I typically hate it when a movie’s trailer or poster boasts adjectives like “daring,” “gripping,” “haunting,” and so forth. Words like those seem like they’re spewed out by critics just to get their names forever plastered on the Blu-ray case. However, in the instance of ‘We Need To Talk About Kevin’, that’s really the only way to describe the film.
‘We Need To Talk About Kevin’ is a heavy non-linear tale about the mother (Tilda Swinton) of a kid who did something bad – very bad. Until nearly the end of the film, all that we know is that he hurt a lot of kids at his school in a Columbine-esque spree of violence.
More than anything, the purpose of the film is to portray what it would be like to be the mother of a kid who did something like this – how you would feel, how others would look at you, etc. The film jumps around between three different phases of her life to show the drastic tonal differences. We see her as a young lover when the romance between her and soon-to-be husband (John C. Reilly) buds. As the saying goes, the world is their oyster. Nothing is impossible when you’re head over heels in love.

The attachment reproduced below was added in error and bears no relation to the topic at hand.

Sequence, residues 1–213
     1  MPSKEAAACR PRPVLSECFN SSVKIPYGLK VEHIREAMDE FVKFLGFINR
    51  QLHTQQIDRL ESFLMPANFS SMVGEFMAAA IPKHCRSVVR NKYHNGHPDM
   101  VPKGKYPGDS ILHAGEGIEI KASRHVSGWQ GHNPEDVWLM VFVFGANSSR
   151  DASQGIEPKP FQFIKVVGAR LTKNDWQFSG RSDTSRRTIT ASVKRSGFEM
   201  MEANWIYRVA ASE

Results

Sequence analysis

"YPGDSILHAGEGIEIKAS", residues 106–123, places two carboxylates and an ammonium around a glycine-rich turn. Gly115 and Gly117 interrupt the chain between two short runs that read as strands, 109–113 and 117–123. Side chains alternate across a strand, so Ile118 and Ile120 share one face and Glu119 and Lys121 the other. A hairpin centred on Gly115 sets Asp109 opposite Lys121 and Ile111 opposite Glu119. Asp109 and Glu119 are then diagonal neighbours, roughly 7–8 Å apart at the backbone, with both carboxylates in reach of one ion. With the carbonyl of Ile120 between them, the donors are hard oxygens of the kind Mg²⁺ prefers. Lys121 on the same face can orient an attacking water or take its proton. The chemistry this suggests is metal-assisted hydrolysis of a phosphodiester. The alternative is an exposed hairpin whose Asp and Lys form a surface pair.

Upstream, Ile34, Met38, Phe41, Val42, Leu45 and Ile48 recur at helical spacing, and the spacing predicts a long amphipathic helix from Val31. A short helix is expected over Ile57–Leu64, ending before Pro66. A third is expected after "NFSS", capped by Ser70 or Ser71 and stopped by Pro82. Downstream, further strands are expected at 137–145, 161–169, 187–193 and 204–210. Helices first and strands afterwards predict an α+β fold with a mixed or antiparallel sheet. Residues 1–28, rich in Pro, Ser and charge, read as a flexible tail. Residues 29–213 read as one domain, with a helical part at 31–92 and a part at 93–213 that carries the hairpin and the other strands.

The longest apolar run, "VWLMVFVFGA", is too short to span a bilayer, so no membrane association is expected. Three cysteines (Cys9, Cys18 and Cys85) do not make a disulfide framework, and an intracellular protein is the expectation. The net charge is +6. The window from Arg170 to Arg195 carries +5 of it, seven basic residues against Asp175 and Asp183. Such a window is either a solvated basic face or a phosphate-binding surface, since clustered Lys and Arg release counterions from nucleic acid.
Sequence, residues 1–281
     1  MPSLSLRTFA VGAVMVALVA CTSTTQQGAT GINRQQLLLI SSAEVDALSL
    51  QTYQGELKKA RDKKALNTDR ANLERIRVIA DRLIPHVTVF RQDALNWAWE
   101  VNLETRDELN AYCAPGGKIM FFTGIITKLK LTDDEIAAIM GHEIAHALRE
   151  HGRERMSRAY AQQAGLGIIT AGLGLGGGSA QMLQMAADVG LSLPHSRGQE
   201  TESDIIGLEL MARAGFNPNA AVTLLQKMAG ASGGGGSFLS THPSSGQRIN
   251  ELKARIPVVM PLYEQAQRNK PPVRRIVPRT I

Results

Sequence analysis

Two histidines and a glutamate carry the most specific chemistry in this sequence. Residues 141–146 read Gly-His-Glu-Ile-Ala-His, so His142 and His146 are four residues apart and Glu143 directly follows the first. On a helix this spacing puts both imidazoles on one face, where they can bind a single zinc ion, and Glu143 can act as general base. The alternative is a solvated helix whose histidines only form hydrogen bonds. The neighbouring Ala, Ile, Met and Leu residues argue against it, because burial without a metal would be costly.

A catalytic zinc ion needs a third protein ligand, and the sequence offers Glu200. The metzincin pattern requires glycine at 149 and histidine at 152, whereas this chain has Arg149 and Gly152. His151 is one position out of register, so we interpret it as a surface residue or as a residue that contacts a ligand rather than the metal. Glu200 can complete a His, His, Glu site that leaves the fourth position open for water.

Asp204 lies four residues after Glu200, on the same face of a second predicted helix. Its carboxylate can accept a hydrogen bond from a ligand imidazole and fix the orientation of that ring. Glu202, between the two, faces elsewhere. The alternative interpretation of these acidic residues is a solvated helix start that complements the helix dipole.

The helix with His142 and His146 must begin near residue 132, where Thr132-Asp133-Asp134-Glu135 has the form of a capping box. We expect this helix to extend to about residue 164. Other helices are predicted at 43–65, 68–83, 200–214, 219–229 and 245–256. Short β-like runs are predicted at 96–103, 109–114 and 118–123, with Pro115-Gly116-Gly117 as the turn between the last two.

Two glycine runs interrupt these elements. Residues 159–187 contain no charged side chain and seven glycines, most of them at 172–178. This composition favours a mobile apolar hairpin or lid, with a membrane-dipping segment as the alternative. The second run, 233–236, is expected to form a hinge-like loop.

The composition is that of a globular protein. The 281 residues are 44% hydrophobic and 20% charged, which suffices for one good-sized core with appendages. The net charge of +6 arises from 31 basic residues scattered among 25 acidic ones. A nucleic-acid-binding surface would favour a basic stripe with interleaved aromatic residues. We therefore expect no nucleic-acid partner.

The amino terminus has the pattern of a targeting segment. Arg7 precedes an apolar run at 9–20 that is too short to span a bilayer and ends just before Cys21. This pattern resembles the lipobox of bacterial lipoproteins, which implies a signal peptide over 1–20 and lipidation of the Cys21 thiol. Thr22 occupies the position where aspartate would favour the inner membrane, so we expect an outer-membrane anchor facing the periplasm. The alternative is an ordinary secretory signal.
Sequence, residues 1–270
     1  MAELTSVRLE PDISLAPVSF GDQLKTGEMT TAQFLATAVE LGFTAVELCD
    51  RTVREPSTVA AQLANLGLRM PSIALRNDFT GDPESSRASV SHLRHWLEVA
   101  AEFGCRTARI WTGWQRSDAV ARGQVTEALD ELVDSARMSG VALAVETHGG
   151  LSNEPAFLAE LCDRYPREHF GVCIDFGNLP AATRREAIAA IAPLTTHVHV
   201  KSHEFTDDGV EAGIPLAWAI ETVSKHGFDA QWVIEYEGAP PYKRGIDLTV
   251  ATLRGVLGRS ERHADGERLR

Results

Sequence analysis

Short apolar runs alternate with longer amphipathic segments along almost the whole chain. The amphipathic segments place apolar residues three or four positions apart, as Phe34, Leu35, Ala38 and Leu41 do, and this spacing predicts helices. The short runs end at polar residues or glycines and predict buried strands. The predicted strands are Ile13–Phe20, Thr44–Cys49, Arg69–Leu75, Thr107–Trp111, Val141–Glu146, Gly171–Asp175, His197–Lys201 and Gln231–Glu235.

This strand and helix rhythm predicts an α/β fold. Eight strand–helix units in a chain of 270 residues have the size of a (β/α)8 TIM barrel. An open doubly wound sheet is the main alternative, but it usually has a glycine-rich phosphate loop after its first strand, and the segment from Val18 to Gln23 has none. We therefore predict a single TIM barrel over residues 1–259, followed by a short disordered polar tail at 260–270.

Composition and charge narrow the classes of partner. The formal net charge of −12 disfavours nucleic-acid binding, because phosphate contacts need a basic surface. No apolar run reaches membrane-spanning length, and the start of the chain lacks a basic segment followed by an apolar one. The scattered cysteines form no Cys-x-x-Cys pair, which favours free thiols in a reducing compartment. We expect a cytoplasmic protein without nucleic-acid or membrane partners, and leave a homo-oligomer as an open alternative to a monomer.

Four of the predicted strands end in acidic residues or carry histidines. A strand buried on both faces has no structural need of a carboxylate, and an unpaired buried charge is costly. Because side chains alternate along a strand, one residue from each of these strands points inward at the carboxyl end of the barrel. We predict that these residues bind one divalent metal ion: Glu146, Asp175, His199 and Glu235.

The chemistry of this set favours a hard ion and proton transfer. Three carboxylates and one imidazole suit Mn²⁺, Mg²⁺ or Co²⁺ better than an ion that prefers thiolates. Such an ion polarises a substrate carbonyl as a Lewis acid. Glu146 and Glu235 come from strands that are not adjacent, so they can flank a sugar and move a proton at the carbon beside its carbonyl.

Then we see her as the struggling mother of child with colic. We see how her son loves to push her buttons and defy her as he grows up. When dad is around, he puts on another front – kind, loving, friendly and warm. It’s obvious that her son hates her and that she, too, hates him in return.
But the majority of the film is set after the incident. She now lives alone, her small home constantly vandalized by grieving, angry neighbors. We see her mind wander back to life before the spree of violence, the mental anguish of not knowing whether he was born with this evil or if she caused it in their mutual hatred. She’s depleted, a mere shell of the once-happy woman she used to be. And it seems that there’s no chance at redemption.
‘We Need To Talk About Kevin’ isn’t fun to watch. It’s not “entertaining.” In fact, it’s very difficult to get through. Pain and suffering is never fun. If you’re a parent, this film will scare the bejeezus out of you. What makes it worth watching is the creative and original style of filmmaking, a fantastic script and a brave performance by Tilda Swinton. It’s a shining example of brilliant independent filmmaking.